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Arab-Israelis are saving Israel’s democracy, one election at a time

This Sunday, for only the second time in Israel’s history, Arab-Israeli parliamentarians played a decisive role in providing a majority for the designated candidate for prime minister, which for now is former IDF Chief of Staff Benny Gantz.

The gambit was historic for the very same reason its success appears so unlikely: A broad coalition of Israelis, who in normal times can’t stand the mere sight of each other, have united to resist Prime Minister Benjamin Netanyahu’s quest to hold onto power at all costs. Regardless of the outcome, the old game of Israeli politics, in which Arab-Israelis were treated as a fifth column when it came to deciding the country’s leadership, is forever changed.

The remarkable rise of the Arab vote was the common thread connecting the two repeat elections Israel held in September 2019 and March 2020, after the country failed to form a government following the original April 2019. Prior to the April vote, the Joint List collapsed, and two blocs of parties geared toward the Arab public, Hadash-Ta’al and Ra’am-Balad, won a combined 10 seats on miserable turnout in the sector.

In response to the April result, significant pressure was put on Arab political leaders to set trivial differences aside and once again unite into a Joint List, which they did, and in the September repeat election they won 13 seats with Arab turnout surging by 20%.

This not only increased Arab representation in the Knesset; it opened a path for real influence in government. In March’s election, the Joint List won 15 seats on another boost in Arab turnout as well as increased support from Jewish voters. And in September, for the first time since Yitzhak Rabin was given a mandate to form a governing coalition in 1992, parties representing the Arab public strutted into the residence of Israel’s president and recommended that Gantz, and not Netanyahu, lead the government.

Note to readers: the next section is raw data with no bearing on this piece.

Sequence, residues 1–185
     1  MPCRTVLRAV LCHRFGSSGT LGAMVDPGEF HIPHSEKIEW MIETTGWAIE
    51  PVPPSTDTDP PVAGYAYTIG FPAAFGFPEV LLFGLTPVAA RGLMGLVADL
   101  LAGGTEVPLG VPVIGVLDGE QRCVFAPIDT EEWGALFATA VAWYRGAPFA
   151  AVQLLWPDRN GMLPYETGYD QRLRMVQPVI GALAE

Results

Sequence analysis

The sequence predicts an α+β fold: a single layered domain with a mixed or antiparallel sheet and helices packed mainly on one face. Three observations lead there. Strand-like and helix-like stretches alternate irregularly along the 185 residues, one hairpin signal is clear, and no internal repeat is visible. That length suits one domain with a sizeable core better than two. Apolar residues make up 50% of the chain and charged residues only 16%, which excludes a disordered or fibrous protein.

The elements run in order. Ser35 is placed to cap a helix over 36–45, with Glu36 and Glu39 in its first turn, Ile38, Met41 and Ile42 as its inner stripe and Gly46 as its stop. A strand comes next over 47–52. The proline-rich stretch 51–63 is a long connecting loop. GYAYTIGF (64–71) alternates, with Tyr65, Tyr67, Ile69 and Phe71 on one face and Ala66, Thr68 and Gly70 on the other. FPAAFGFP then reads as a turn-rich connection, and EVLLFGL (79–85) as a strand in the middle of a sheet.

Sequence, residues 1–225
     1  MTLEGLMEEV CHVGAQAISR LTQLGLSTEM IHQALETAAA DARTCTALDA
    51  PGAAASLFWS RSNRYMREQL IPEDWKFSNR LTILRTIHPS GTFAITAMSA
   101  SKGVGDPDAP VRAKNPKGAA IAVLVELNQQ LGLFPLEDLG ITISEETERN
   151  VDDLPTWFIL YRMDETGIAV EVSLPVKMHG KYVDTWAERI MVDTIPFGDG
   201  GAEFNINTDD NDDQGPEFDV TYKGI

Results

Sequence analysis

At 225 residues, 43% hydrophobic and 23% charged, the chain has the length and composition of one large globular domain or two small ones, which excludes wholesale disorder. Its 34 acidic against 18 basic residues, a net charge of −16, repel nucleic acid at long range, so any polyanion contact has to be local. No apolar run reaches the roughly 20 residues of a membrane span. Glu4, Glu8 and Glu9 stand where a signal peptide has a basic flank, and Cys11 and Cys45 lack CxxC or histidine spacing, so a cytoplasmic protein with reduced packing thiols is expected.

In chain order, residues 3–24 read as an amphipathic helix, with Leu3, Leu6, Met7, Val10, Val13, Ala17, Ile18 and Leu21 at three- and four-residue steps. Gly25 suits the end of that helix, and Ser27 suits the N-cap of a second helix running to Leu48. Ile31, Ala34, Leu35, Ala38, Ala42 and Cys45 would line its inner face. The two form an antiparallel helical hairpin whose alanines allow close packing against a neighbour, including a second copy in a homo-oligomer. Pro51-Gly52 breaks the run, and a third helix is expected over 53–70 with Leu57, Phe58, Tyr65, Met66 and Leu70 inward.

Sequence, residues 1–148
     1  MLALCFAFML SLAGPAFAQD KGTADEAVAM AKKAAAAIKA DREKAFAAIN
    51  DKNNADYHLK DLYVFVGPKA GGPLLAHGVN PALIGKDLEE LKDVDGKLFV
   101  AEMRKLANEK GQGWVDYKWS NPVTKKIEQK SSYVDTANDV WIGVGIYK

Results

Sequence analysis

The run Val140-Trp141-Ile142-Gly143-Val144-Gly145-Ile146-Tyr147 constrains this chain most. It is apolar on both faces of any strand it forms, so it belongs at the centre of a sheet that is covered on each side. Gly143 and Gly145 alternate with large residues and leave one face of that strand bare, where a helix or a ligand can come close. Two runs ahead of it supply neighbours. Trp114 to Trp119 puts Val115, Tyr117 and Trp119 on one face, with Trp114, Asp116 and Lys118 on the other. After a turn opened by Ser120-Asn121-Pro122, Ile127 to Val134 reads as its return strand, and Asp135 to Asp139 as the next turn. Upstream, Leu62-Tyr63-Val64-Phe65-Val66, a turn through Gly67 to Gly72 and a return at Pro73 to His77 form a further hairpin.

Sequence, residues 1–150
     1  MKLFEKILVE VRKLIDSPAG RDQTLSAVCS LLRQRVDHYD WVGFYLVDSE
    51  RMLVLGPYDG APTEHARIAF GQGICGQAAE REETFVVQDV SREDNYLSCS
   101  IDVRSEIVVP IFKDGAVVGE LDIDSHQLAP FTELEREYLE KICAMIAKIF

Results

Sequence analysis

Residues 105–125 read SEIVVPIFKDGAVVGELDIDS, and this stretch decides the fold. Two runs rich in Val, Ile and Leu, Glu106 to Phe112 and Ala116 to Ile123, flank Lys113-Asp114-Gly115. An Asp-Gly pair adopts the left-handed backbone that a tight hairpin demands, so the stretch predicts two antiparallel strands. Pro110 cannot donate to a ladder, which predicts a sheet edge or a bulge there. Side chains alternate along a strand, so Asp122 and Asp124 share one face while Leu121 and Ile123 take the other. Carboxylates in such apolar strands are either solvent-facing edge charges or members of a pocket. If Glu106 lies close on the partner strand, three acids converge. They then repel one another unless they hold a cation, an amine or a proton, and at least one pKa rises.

While historic, this move was ultimately insufficient: Three MKs from the Joint List representing the Palestinian nationalist Balad party refused to support Gantz, who led the Israeli military during Operation Protective Edge in the summer of 2014. The result was that despite what was widely seen as a disappointing defeat, Netanyahu was given the mandate first.

But that dynamic changed yesterday, when Balad’s leader, Mtanes Shehadeh, joined the other faction heads of the Joint List in giving Gantz their support.

Analysts chalked this up to Balad’s newfound willingness to accede to the majority decision of the Joint List after its other constituent parties defended a controversial Balad candidate whom mainstream Zionist parties, including Gantz’s Blue and White, tried to disqualify. But the Joint List was not the only party that made a historic move yesterday. Yisrael Beteinu, the ultra-nationalist party led by former defense minister Avigdor Liberman, supported the very same candidate backed by the Joint List, whose members of parliament Liberman has referred to as terrorists and worse.

Evidently, Liberman is both determined to avoid a fourth election and committed to doing what he can to prevent another government led by Netanyahu, whom he no longer regards as even a potential political ally.

Few predicted this outcome after the exit polls from the election were released two weeks ago. Even after official results depicted a much less rosy reality for Netanyahu and his Likud Party, the possibility of the entire “Anyone But Bibi” bloc coming together for even a single occasion seemed remote. Netanyahu had improved on his September performance and the outbreak of coronavirus made it risky for the opposition to launch a political maneuver.

Yet the previously unthinkable has indeed come to pass. Yesterday, a majority of the Knesset defied the “majority of the majority,” in effect the Jewish majority, in selecting a candidate for prime minister. A “Jewish majority” was the standard to which Netanyahu appealed in the days after the election. It has now been rejected by a diverse coalition of political parties, in a time of crisis no less.

No outcome is preordained and it is unlikely that the taboo of Arab-Israeli parties actually sitting in government will be broken anytime soon. Netanyahu may still come out on top, and President Reuven Rivlin is encouraging the formation of an “emergency unity government” to deal with the coronavirus.

Nevertheless, the improbable combination of courage and pragmatism have upended conventional wisdom. In the clash between a Jewish majority and a democratic majority that includes all sectors in society, it is the latter, against all odds, that is on the ascendant. As Ayman Odeh, chairman of the Joint List, wrote last year following his initial decision to support Gantz’s candidacy, “Arab Palestinian citizens cannot change the course of Israel alone, but change is impossible without us.” Indeed.

Abe Silberstein is a freelance commentator on Israeli politics and U.S.-Israel relations. His work has previously been published in the New York Times, Haaretz, +972 Magazine and the Forward.

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